|10-15-2009, 10:32 PM||#1|
Join Date: Mar 2006
Location: Evanston, IL
Redskins-Panthers Defensive Review
The Redskins defense has underperformed to the standards of some this season, but the last two weeks, they've largely gotten their act together. It's remarkable really. As the offense starts to slide into oblivion, the Redskins defense has picked now to come together and start playing better.
They are not without flaw, though. The run defense has been largely excellent this year, but as the tackling has improved, the gap discipline has declined. The Redskins still allow huge holes in zone coverage for veteran receivers to work on them. The pass coverage numbers are still very bad. But all in all, the Redskins are getting off the field on third down the last two weeks, and that improvement has cured a lot of the ills.
Greg Blache is doing a much better job using the personnel he has. Sure, the Redskins still can't defend second string TEs running down the seam, and the chucks of yards given up with consistency are troubling, but the improvement of the secondary in the last few weeks his having a trickle down effect into the front seven, which is really starting to put some pressure on the quarterback.
And, oh yeah, the Redskins are forcing turnovers at a greater than one-per-game rate. The difference is an increase in forced fumbles, which is a credit to the improved defensive line play over last year. Those turnovers are leading directly to Redskins points, which are badly needed.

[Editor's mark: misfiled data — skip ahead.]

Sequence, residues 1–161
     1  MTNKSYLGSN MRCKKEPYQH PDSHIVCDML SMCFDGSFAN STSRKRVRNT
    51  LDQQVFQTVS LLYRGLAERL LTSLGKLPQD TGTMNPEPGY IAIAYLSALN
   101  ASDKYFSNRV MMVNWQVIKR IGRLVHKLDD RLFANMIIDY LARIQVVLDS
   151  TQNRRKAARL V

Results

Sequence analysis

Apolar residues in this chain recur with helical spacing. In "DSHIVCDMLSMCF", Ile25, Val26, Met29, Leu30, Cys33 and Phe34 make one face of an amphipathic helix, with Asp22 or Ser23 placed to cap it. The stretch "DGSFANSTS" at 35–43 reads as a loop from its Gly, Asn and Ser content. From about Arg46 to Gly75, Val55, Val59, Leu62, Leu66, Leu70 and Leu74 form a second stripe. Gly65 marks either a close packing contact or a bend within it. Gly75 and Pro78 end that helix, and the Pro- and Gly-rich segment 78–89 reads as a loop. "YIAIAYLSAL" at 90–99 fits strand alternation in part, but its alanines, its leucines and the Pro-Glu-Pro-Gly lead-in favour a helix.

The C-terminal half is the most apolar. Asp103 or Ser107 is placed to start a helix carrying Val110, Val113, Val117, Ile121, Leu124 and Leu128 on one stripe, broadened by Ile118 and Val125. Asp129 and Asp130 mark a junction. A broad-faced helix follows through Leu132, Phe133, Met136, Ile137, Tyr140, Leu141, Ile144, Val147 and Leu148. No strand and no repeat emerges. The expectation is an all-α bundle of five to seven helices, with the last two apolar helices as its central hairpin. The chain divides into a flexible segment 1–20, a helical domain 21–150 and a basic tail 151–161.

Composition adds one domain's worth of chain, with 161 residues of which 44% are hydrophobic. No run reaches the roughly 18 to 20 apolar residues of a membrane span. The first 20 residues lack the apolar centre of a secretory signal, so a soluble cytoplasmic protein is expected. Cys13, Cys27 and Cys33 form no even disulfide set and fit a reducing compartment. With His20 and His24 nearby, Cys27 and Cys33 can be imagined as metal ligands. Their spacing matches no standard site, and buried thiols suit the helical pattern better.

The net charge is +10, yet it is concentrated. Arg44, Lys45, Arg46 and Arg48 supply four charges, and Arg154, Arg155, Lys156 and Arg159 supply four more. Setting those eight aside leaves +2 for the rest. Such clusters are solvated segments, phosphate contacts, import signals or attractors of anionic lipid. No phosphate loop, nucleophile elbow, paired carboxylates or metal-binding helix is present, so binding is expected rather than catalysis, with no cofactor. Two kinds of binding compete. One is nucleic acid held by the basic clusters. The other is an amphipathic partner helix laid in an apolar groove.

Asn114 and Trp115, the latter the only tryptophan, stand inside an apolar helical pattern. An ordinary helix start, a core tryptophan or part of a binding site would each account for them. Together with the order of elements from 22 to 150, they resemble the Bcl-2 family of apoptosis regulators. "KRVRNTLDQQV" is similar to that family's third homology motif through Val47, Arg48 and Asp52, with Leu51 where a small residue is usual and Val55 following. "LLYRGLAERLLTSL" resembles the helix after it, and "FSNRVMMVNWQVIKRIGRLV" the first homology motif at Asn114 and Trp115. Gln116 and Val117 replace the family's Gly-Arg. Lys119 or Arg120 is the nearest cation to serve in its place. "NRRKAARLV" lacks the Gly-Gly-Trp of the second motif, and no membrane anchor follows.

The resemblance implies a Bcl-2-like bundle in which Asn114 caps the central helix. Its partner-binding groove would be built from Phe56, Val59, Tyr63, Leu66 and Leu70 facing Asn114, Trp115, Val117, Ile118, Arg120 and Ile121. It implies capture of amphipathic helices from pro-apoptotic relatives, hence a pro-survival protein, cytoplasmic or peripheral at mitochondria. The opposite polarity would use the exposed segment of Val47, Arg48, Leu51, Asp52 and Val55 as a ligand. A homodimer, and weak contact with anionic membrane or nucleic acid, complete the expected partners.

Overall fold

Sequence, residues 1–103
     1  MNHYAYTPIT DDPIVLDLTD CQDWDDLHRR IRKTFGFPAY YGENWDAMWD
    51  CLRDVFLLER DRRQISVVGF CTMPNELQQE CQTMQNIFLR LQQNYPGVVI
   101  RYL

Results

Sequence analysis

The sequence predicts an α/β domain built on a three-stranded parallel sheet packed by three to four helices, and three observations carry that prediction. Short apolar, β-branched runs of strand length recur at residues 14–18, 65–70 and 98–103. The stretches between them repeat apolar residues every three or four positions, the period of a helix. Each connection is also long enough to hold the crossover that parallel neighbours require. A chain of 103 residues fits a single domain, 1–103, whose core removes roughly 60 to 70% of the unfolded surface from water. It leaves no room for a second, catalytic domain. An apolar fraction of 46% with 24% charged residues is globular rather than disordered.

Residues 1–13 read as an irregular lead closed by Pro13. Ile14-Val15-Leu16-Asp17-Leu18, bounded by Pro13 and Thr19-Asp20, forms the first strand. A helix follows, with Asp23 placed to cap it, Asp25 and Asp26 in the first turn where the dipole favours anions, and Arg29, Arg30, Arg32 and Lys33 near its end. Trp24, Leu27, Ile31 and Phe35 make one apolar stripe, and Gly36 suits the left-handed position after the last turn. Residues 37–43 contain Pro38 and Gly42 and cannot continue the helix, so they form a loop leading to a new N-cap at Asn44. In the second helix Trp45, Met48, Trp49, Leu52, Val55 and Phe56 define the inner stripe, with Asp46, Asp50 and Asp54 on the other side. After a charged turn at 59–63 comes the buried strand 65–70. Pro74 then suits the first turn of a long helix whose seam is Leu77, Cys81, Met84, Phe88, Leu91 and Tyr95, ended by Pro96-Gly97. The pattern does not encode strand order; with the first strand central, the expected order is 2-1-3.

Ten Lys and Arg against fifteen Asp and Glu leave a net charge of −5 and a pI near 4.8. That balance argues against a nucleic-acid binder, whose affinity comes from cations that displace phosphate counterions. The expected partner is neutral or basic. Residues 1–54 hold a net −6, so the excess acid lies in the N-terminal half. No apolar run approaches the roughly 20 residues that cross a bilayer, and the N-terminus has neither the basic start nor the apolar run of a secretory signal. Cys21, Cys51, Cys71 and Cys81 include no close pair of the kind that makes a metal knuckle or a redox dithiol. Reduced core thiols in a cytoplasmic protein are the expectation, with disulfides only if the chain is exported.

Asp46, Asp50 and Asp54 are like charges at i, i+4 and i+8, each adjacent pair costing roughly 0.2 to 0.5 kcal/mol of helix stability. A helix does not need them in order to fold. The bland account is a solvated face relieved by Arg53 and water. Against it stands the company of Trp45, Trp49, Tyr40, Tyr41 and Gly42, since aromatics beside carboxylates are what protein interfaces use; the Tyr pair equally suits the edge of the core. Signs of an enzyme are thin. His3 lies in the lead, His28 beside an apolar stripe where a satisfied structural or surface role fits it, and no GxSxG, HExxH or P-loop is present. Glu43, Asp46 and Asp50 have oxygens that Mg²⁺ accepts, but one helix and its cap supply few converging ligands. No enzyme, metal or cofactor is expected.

Blache's biggest change in the last two weeks has been a liberal use of the Dime package. It's a way to put 6 DBs on the field, and still not have Fred Smoot out there. The play of Justin Tryon and Reed Doughty have really helped to turn around the direction the secondary was heading in, but DeAngelo Hall has been improved against the pass in the last three weeks, and Carlos Rogers completely took Steve Smith out of the game when he had a chance. For Rogers, he plays in a division where there is no big, physical receiver, so before he talks his way off the team, he may want to consider that going elsewhere might not be a great career move. The Redskins were not flipping their corners in this game, but Rogers ended up on Smith more often than not, which is good because Hall's INT came against Muhammad.
Hall, of course, manages to turn any coverage scheme into a soft zone, while Rogers manages to turn anything into man-lock. I have to imagine that this dynamic makes calling coverages a no-win situation.
The contract situation in the secondary suggests the Redskins are in transition from a primarily man coverage team to a zone coverage team. Tryon and Hall are both zone coverage corners, whereas Rogers plays both about equally well. If the team opts not to re-up with Rogers at the end of the year, you've essentially turned the defense into a zone defense. But the Redskins have too many holes in the zone between the numbers. This is because the linebackers are horrendous in zone coverage. It's 2006-esque, but with competant secondary play behind them.
London Fletcher seems uncomfortable with the new zone schemes, at least in the fact that he's often expecting different things from the players around him. Rocky McIntosh just can't find wherever he's supposed to go in zone coverage, seemingly ever. In man coverage, he can go step for step with any RB or No. 2 TE. Brian Orakpo can't really play either man or zone coverage, and in the future, probably won't have to. H.B. Blades is alright in zone, and my sample size on him in man is limited, even going back to last year.
It's unfortunate that the Redskins have about half personnel suited for man coverage, and half personnel suited for zone, but it's nice that they are mixing things up as not to give the offense obvious mismatches.
Blitzing, or lack thereof